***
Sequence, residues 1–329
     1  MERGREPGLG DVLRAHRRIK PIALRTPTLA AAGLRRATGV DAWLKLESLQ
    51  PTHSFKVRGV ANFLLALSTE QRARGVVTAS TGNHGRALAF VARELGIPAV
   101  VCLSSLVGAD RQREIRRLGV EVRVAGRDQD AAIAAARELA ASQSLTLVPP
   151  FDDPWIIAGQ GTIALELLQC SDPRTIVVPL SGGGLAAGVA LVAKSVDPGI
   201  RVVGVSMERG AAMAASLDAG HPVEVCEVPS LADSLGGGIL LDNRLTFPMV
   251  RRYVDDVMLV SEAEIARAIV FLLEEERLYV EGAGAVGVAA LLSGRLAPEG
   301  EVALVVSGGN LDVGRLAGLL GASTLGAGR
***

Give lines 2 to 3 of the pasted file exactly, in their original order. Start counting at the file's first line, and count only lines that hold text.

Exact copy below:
     1  MERGREPGLG DVLRAHRRIK PIALRTPTLA AAGLRRATGV DAWLKLESLQ
    51  PTHSFKVRGV ANFLLALSTE QRARGVVTAS TGNHGRALAF VARELGIPAV